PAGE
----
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Urban Outfitters Profits Vault 49.2%

Urban Outfitters clicked with its teen and college-age fans in the second quarter, as earnings soared 49.2 percent and revenue gained 32.2 percent.

NEW YORK — Driven by robust same-store sales, Urban Outfitters Inc. reported second-quarter earnings that soared 49.2 percent as total revenue gained 32.2 percent.

For the three months ended July 31, the Philadelphia-based company posted net income of $30.6 million, or 36 cents a diluted share, matching analysts’ per-share projections. The quarter’s results compared with a profit of $20.5 million, or 25 cents, in the same period last year.

Net sales rose to $253.4 million from $189.5 million a year ago, while consolidated same-store sales were up 10 percent. By division, same-store sales rose 13 percent at Urban Outfitters stores, 6 percent at Anthropologie and 36 percent at Free People. Total sales were up 34.6 percent at Urban Outfitters stores to $122.3 million and rose 22.8 percent at Anthropologie to $90.6 million. Sales rose 87.7 percent at the company’s wholesale unit, Free People, to $12.2 million and were up 53.9 percent to $28.3 million in the company’s direct-to-consumer unit made up of catalogue and Internet sales.

Gross profits as a percent of sales expanded to 41.4 percent in the quarter from 40.6 percent last year.

“It was easily the best second quarter in the company’s history,” said Richard A. Hayne, chairman and president of Urban Outfitters, in a subsequent conference call with analysts. He said from a revenues standpoint, it was “the company’s best quarter ever, even surpassing last year’s holiday quarter.”

Apparel and accessory categories were the most robust at Urban Outfitters and Free People during the quarter, while sales in the home and accessories categories were strongest at Anthropologie.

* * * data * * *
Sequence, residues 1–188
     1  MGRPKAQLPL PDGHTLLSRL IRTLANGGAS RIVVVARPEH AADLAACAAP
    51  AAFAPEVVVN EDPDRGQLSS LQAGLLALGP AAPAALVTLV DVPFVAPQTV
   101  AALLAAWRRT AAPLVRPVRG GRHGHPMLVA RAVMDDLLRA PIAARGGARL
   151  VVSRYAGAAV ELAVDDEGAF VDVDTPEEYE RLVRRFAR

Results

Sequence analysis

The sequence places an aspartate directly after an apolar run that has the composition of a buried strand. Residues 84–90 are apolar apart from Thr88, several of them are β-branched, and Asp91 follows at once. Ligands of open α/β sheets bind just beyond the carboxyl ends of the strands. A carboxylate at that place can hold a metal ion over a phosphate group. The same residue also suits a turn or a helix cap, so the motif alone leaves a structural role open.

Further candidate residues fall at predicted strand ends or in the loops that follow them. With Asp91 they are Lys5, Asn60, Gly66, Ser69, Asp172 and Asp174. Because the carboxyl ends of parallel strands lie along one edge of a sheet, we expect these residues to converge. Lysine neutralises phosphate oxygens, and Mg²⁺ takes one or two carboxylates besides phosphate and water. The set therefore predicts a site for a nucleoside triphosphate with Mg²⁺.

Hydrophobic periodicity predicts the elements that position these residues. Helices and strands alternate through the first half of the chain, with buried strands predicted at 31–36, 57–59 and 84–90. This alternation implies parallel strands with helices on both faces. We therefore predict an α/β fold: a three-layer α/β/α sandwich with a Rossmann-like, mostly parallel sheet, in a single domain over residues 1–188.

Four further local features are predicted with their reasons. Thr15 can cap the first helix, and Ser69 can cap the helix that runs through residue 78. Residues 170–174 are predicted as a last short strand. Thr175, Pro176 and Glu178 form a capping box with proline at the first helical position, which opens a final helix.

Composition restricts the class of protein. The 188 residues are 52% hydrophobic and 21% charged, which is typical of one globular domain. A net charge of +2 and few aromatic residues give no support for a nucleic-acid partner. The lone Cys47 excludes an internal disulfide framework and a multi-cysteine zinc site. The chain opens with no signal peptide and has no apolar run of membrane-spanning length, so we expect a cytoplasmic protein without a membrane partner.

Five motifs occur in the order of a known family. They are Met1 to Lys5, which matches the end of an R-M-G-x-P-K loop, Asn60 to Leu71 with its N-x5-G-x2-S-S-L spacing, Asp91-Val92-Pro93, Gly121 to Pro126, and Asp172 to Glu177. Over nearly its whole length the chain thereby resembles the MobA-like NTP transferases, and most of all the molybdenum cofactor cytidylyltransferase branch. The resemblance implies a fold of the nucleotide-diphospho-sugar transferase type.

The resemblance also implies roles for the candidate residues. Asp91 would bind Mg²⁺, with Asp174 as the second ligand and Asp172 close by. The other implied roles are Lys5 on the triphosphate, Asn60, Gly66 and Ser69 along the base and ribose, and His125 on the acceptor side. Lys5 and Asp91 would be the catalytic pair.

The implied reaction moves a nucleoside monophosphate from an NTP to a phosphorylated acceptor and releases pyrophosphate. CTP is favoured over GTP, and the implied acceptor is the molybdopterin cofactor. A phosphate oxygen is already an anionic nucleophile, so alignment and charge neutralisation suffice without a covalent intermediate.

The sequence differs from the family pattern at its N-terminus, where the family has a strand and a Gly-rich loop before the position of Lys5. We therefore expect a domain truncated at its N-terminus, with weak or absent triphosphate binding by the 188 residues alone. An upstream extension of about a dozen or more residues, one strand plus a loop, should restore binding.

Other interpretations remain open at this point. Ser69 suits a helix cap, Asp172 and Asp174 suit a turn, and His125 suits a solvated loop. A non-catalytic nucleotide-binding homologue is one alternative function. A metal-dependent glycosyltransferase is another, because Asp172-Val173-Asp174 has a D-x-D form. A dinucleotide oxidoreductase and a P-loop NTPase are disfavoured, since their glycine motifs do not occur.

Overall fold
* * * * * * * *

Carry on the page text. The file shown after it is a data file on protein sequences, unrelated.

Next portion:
Meanwhile, a decreased amount of promotional inventory also benefited the quarter, Hayne said. “Total markdowns as a percent of sales during the quarter dropped by 15 basis points, and the quantity of comp store clearance merchandise on hand at the end of the period in both units and dollars was down significantly at all three brands,” he said.

In the six months, earnings rose 55.3 percent to $58.04 million, or 69 cents a diluted share, which compares with a profit of $37.4 million, or 45 cents, last year. Revenues totaled $484.7 million, an increase of 34.7 percent from the prior year’s $359.8 million.

“This momentum, combined with the current positive spending mood of our customers, makes us optimistic about second-half opportunities,” Hayne said in a written statement dated Thursday. Hayne elaborated on the analyst call that sales in the third quarter are already tracking “significantly” ahead of the company’s expectations.

Analysts are expecting earnings per share of 43 cents in the third quarter, which would compare with 31 cents earned last year.

The company plans to open 18 to 20 stores during the rest of fiscal 2006; 12 have been opened this year so far. Glen Senk, president of the Anthropologie brand, added during the call that the brand expects to open its third Manhattan location in the first half of 2006.